Drum carders – Silverton cottage industry ships fiber arts device across globe

July 2022 Posted in Business

By Melissa Wagoner

When Gabriel and John Berukoff’s construction business slowed down in 2007, the brothers weren’t sure what their next step would be.

“We were thinking we might get into making cabinets,” Gabriel recalled. 

But then their sister, a fiber arts hobbyist who processed, spun and dyed her own yarn, came to them with a problem. Her drum carder – the machine used to comb and separate newly harvested fibers – needed some TLC.

The Berukoff brothers’ model drum carder.

The Berukoff brothers’ model drum carder.

And so, helpful brothers that they are, the Berukoffs refurbished the machine. But they didn’t stop there. Intrigued by their sister’s hand-cranked wood and steel instrument, they decided to build their own and then, once it was complete, to list it on eBay. Little did they know, one machine would become two and before long they had a booming home business.

“We were surprised how many people out there do this kind of fiber arts,” Gabriel said. 

And by how few companies make drum carders.

“There was a company in Canada, they made these bigger machines,” Gabriel said, referring to the renowned Patrick Green line of drum carders, which he and John eventually purchased as a way of expanding their own Silverton-based company, Brother Drum Carder.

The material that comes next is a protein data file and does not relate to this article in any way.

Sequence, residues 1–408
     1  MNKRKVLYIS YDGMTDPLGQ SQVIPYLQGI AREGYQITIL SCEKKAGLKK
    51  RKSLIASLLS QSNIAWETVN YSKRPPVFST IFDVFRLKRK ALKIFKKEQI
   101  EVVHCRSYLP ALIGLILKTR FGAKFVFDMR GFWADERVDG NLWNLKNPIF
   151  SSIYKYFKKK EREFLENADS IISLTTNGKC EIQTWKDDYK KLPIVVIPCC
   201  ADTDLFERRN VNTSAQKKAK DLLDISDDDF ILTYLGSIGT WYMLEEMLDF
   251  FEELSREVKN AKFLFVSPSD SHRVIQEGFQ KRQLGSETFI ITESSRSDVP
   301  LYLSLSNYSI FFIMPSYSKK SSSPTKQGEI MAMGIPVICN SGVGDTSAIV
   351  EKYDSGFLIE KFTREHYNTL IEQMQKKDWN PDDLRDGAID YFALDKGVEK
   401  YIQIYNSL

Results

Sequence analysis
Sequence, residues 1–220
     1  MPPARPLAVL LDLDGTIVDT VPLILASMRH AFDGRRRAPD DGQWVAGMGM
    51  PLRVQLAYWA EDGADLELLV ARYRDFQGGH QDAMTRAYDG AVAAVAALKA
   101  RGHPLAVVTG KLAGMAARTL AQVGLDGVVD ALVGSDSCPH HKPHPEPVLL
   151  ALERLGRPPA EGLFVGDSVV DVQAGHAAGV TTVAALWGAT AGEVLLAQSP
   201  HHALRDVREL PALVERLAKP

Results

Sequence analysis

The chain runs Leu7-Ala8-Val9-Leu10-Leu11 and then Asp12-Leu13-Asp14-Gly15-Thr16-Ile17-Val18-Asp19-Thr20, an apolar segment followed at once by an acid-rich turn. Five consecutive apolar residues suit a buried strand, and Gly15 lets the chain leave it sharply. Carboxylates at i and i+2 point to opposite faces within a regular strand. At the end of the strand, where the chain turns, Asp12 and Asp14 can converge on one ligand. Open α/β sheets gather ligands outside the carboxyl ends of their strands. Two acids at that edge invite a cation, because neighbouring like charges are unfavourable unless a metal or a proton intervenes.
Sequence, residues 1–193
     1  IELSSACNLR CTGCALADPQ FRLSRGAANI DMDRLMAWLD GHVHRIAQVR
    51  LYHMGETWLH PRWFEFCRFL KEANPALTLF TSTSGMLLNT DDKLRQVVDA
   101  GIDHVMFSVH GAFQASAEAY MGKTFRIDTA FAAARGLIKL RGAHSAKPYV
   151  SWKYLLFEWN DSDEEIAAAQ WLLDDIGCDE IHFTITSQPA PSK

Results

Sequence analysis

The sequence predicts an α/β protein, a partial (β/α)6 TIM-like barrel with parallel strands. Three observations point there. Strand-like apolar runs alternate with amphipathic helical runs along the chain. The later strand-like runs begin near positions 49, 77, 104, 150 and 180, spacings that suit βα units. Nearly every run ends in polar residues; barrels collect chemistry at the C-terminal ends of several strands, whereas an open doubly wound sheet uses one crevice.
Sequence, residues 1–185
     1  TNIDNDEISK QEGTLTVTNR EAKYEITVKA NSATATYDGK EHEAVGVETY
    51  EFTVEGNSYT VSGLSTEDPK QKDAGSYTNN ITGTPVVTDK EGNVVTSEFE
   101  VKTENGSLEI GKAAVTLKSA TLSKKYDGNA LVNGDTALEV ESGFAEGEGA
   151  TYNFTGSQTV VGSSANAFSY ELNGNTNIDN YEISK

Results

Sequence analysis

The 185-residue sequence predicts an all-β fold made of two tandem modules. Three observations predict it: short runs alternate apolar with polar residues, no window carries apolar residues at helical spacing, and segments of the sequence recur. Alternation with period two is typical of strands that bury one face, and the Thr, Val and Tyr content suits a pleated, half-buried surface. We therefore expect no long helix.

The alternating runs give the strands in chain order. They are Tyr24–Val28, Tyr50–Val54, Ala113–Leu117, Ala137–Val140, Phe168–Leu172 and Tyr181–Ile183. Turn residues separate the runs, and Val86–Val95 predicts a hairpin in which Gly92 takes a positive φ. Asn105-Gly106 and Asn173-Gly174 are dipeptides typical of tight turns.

“We have a few upgrades we’ve done,” Gabriel said, referring to the line of larger, Patrick Green-inspired motorized drum carders they now create and ship all over the world. 

But they still make the smaller manual style as well.

“A lot of people do this for a hobby,” Gabriel said. That translates into the need for the smaller, easier to maneuver version, particularly in places like the Willamette Valley where sheep, alpaca and hemp fiber production is common. 

In other words, the industry – which has been around for thousands of years – won’t be going away any time soon. Neither will Brother Drum Carder. 

“We want to keep growing,” Gabriel confirmed, listing the company’s expansion into larger, more mechanized carders as well as the addition of the brothers’ cousin, Ed Berukoff,  and the move into a larger facility among the most recent changes. 

They also want to continue to stay regional, planning to hire mostly family and to continue working near their own homes. 

“It’s a cottage industry for a cottage industry,” Gabriel said proudly.

For information visit www.brotherdrumcarder.com.

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